While driving off the beaten path yesterday, my thoughts wandered astray, as well. Nancy and I, traveling to St. Louis for the holiday, took a detour off the interstate to see Springfield, Missouri, and as we were driving through town, I saw a psychic's shop. The sight got me thinking about what kinds of people might bring their custom to the establishment. Of course believers in a generic "spirituality" would come, as would the skeptics, pranksters, and thrill-seekers. But in this Bible-belt town, I would also expect many Christians to confer with the psychic; while some of their neighbors no doubt think the Tarot deck sinful, I'm sure others approach with trusting heart, open mind, and a sincere faith in a Lord Who works in mysterious ways.
Wandering from tangent to tangent, my thoughts went next to various sects I had encountered in my reading this year. The first that came to mind were the Sethians, who show up in Patrick O'Brian's Letter of Marque. Sethianism has some relation to gnosticism, although the exact nature of this mystery religion certainly remains mysterious to me. Apparently they believe that Seth was a divine emanation, or an avatar of Christ, or something like that. According to O'Brian, they survived into nineteenth-century England, where they believed that painting the name of Seth in large letters on their homes (or ships) would ensure protection, and that erasing the name (so as, perhaps, to sail the Atlantic without revealing any unusual identifying marks to every enemy ship that passes) would bring destruction.
In Durant this year, I read about the Waldensians and Albigensians of medieval southern France. The Waldensians, in Durant's telling anyway, primarily attacked the practices of the Church and not tenets of Christology: they translated the Bible into their current language and rejected the authority of the worldly priesthood. The Albigensians, again according to Durant's clear-cut categories, shared these traits but also denied the deity of Christ. Although I have much less sympathy for the second group than for the first, I relate to both far more than I can relate to the Church hierarchy that started killing them. On this Thanksgiving morning, I thank God once again for Dominic, who, sharing the sects' disdain for riches, preached Christ to them in a simple robe and with gentle words, and cleared many towns of heretics by conversion rather than by immolation.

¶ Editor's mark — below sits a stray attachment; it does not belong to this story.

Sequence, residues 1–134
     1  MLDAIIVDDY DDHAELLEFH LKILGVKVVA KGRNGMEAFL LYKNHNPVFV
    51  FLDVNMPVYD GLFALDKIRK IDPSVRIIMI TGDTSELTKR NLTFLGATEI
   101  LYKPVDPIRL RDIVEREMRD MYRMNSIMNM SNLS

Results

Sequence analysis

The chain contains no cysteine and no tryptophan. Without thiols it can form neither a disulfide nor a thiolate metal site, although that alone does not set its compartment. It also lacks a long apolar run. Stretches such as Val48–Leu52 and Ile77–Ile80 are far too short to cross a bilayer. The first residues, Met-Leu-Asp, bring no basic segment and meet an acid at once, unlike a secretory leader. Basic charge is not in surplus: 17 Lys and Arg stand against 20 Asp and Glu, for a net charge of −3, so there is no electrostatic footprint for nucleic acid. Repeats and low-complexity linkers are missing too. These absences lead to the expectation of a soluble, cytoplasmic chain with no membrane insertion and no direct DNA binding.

This past month, I left the path of my planned list to read Edward Rutherford's Russka. There I encountered Russian Orthodox believers who, like my imagined Springfieldians, mix their Christianity, some with belief in the firebird and water spirits and some with socialism. And of course I read in Williams, Trollope, and the Father Brown stories about many types of Christians, heretical or otherwise. I also read some books by fringe Christians: Wordsworth, for instance, who left and returned to the Anglican Church but didn't believe in the divinity of Christ, and Hegel, who styled himself a Christian but seemed to have viewed God as an entity whose mind evolved along with the universe. And then there's Dickens, who kept his faith mostly hidden, perhaps even from himself, but who once famously claimed to have written every book for the purpose of proclaiming the Lord "who made lame beggars walk, and blind men see" (to quote Tiny Tim).
It's very easy for me to judge the practitioners of these various sects. To my human eyes, some seem completely reasonable, and others sound utterly hopeless. But I can't shake the image of Dominic, who tried not to view the world with human eyes and who humbly spoke the truth to people whose beliefs lay off the beaten path. And I have to remember that only God can judge whether a person's life lies off the crucified Way.